Although it has been ascertained that the Whaling tools are highly effective in use, problems have been encountered in maintaining the water connections to the nozzle in the tool. The combination of the percussive forces applied to the tool with the very high pressures being handled, together with the necessity to accommodate relative movement between the tool and the support, leads to fairly rapid failure of the connection between the flexible pipe and the tool even if the latter is very carefully designed and maintained. The percussive forces not only stress the connection to the water supply directly, but set up shock waves in the water upstream of the nozzle which may have a deleterious effect on the integrity of the supply conduit. Sliding gland connections can be used in such applications, but add considerably to the complexity of the tool if located internally and are difficult to accommodate externally. Moreover, the axially sliding seals necessarily incorporated in such arrangements are a weak point and the arrangement is still exposed to shock waves transmitted through the water itself, and to side loadings from sideways movement of the tool.
The object of the present invention is to provide a percussive tool incorporating a high pressure liquid jet nozzle discharging through an impact face of the tool, in which deterioration of the liquid supply line due to percussive forces applied to the tool can be greatly reduced, as well as transmission of mechanical side loads to the line by sideways tool movement and of shock forces to the liquid upstream of the nozzle.
According to the invention, in a percussive tool comprising a liquid jet nozzle discharging through an opening in a front impact face of the tool, the tool is formed to define an elongated cavity extending rearwardly through the tool to a rear opening remote from the front opening, a supply pipe is provided extending from a connection to a source of very high pressure liquid through the elongated cavity from its rear opening to the liquid jet nozzle, the pipe being spaced from the tool throughout its length, and a bearing is provided rearward of the nozzle to control the radial position of the jet nozzle and the pipe within the cavity, said bearing incorporating a bearing layer of liquid between the pipe and the peripheral wall of the cavity.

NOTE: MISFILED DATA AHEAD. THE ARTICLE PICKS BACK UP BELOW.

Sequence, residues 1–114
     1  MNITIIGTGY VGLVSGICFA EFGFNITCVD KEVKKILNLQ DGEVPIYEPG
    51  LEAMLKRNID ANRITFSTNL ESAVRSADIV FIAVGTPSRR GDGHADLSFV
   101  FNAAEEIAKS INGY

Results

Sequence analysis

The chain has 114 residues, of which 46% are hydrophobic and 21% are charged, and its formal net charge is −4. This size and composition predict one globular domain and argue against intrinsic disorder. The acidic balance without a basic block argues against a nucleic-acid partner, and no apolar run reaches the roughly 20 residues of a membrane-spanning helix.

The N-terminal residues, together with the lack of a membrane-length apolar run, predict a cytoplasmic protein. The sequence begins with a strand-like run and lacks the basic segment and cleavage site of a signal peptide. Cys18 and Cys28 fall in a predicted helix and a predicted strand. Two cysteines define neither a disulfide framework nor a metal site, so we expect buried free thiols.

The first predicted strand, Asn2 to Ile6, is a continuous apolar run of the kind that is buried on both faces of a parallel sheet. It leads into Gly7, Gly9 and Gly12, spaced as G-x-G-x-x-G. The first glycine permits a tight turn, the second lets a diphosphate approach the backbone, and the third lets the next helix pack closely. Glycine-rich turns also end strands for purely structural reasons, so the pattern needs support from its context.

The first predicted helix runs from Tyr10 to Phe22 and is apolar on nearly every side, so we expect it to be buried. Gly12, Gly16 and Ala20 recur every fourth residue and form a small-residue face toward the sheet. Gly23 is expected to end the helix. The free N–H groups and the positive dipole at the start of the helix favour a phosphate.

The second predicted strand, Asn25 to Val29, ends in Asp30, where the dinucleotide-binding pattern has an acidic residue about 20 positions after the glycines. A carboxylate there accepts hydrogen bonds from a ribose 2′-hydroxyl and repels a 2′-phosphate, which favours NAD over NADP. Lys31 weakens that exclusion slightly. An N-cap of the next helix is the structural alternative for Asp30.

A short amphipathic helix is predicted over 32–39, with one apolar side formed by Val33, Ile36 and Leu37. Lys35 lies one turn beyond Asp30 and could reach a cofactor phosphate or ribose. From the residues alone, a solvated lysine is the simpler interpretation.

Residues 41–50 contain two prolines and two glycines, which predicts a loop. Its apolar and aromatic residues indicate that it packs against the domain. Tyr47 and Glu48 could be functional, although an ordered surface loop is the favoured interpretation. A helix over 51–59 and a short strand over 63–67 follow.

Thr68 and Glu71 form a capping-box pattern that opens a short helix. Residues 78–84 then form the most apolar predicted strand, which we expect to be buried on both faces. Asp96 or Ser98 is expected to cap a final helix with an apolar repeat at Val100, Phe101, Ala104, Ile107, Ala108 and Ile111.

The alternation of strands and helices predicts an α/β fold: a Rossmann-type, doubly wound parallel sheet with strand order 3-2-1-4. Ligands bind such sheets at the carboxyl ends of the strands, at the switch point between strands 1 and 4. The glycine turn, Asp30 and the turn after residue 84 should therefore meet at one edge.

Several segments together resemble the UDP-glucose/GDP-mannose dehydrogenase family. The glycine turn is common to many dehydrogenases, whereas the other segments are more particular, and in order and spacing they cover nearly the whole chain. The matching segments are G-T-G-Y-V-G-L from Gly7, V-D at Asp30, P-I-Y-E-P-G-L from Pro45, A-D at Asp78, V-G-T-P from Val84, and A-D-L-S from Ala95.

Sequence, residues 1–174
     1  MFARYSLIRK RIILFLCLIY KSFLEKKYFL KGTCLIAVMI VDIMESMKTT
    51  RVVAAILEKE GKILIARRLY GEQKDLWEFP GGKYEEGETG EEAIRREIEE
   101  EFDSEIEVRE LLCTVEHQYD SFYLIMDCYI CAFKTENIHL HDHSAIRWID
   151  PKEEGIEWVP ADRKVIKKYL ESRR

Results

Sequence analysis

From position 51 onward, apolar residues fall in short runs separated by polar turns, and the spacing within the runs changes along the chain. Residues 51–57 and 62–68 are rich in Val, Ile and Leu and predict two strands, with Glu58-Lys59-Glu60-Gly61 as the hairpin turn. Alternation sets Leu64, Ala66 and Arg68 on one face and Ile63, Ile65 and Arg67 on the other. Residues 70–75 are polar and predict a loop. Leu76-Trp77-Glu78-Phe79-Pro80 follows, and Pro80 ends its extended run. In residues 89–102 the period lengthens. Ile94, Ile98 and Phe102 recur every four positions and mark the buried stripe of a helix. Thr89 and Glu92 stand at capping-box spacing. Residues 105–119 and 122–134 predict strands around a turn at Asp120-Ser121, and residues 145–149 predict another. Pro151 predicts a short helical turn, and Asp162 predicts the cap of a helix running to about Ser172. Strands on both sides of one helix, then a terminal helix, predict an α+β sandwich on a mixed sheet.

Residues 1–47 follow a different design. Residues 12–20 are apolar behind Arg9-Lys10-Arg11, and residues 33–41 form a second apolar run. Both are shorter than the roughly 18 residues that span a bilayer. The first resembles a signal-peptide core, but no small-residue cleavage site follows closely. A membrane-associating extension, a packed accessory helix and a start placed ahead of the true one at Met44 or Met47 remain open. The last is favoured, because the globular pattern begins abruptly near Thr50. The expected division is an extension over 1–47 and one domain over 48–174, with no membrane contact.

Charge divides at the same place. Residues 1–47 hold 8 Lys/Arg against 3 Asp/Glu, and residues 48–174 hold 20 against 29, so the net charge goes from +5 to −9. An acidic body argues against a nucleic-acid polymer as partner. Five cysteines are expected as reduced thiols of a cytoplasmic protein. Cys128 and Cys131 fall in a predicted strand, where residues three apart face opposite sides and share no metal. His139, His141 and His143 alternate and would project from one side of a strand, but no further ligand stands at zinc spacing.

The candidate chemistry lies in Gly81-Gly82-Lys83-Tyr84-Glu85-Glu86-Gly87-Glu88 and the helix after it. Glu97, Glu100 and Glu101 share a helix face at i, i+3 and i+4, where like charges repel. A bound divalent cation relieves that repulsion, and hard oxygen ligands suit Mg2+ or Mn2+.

By floating bearing is meant a bearing arrangement which supports the nozzle within the cavity without obstructing its longitudinal movement, whilst permitting it a certain amount of radial float. Without such float, any lateral shocks applied to the tool will be transmitted directly to the pipe and nozzle through the bearing, with deleterious consequences both for the pipe and the bearing. Such a floating bearing may be provided by a fluid bearing in which the layer is formed by spent liquid from the jet and is of significant thickness, which implies a clearance between the bearing surfaces, or by a resilient bearing member in conjunction with a thin film of spent liquid between the bearing surfaces, or any other bearing arrangement which will allow both relative axial and relative radial movement between the pipe and the wall of the cavity, with the pipe decoupled from the vibration of the tool by a liquid bearing layer. It has been found that the use of elastomeric mountings for the pipe, without the presence of the decoupling liquid layer, tends to provide inadequate decoupling and to lead to premature failure of the supply pipe, the mountings, or both.
With the arrangement of the invention, the jet nozzle is located radially within the cavity so as to direct its jet nozzle through the front opening, but the percussion applied is largely decoupled from the jet nozzle and its supporting pipe. It is therefore possible to couple a high pressure liquid supply to the pipe without the coupling being subjected to large percussive forces. Typically the direction of the cavity in the tool and of the pipe therein diverges from the percussive axis of the tool so as to facilitate external support of the pipe.
Further features of the invention will become apparent from the following description of exemplary embodiments of the invention with reference to the accompanying drawings.
FIG. 1 is a longitudinal cross section through parts of the percussion hammer of a rock breaking machine incorporating the invention;
FIG. 2 illustrates in section parts of an alternative embodiment of percussion hammer incorporating the invention; and
FIG. 3 illustrates on an enlarged scale a modification of parts of the percussion hammer shown in FIG. 1.